Best Practice Content

Best Practices for Your P2P Implementation Project And How to Keep it From Becoming a Nightmare [Plus+]

complex sourcing

Editor's note: This is a refresh of our 2015 series on running a successful P2P implementation, which originally ran on Spend Matters PRO. Read Part 1 here.

In the Spend Matters webinar “Nightmare on Procurement Street,” we discuss how to successfully implement a procure-to-pay solution (P2P) and avoid the process from turning into a terrible experience. This 2-part Spend Matters Plus series lays out what tips we suggested for procurement organizations embarking on a P2P project. This is not meant to be an all-inclusive, step-by-step implementation guide, however. We simply want to share our best practice ideas based on our experience and our discussion in the webinar. Today, we will focus specifically on project management as a procurement responsibility, as well as ensuring finance and accounts payable (A/P) are included in the P2P implementation project. Other areas we will cover are remembering the importance of supplier integration, system testing and user training in the P2P process.

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Insights into Supply Chain Cyberattacks: From Ports to Production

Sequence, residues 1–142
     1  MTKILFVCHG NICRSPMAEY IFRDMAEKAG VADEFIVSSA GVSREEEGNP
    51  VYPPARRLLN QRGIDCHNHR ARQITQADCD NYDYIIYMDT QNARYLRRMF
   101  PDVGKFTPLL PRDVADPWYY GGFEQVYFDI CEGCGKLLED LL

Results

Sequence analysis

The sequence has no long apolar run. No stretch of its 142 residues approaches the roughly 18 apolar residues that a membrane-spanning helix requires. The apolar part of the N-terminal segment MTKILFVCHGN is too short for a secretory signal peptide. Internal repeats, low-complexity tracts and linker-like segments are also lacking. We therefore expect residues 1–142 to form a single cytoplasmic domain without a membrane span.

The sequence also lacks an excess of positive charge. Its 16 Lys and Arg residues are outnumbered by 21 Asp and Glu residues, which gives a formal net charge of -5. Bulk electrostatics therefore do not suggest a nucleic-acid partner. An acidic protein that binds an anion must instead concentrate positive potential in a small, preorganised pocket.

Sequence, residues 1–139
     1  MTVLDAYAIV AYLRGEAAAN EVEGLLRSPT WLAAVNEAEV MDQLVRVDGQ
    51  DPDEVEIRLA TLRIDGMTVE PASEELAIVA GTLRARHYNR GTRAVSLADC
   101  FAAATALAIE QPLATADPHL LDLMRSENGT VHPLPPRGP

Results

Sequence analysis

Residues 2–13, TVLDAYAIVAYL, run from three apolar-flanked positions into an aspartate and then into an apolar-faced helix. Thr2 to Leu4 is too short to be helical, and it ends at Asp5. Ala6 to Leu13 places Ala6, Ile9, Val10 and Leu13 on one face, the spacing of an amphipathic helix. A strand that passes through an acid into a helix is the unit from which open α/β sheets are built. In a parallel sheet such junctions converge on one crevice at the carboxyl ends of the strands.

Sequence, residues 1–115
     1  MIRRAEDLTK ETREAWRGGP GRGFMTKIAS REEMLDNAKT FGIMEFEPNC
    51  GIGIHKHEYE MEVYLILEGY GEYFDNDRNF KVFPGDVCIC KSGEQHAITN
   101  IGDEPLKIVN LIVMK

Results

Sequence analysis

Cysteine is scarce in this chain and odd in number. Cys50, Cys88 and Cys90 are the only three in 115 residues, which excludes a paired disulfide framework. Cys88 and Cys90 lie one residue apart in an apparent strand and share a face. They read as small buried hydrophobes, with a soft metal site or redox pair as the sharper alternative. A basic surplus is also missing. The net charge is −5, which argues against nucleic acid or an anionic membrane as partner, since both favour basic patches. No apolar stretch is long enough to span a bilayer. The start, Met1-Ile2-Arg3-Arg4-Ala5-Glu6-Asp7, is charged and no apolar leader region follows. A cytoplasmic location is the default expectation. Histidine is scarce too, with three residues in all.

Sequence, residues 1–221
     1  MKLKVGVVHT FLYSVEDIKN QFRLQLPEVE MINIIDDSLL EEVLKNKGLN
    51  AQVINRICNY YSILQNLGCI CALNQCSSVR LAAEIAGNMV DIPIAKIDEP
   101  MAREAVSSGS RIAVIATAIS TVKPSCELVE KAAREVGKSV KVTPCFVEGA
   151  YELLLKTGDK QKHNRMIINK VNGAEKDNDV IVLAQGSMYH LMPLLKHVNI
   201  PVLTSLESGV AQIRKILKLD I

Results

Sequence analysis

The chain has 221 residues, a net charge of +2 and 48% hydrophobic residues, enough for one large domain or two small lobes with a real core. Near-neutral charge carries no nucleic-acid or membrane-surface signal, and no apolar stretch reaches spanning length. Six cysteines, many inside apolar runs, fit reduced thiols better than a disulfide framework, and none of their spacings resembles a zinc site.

While cyberattacks have taken place in a variety of forms since the 1990s, the threat has become more palpable and acute in the past decade with businesses increasingly relying on networked systems and the internet of things (IoT), especially in the logistics and supply chain space. In a recent survey conducted by the American cybersecurity technology company Crowdstrike, 66% of IT decision makers said their companies had suffered a supply chain cyberattack in the past 12 months, bringing to light a threat that many considered an abstract concept. Whether the risk stems from a virus, internal bug or insider threat from within one’s organization, the effects on production line, distribution network, shipping, supplier communication or even residual risks left over from a terminated vendor relationship, pose considerable danger to firms and beyond. Moreover, the scope with which cyberevents must be observed and mitigated require an ever-more invested and communicative approach to ensure that when the inevitable does occur, all parts of one’s supply chain can effectively work together to defend and keep operations on track. Check out five recommendations to get you prepared.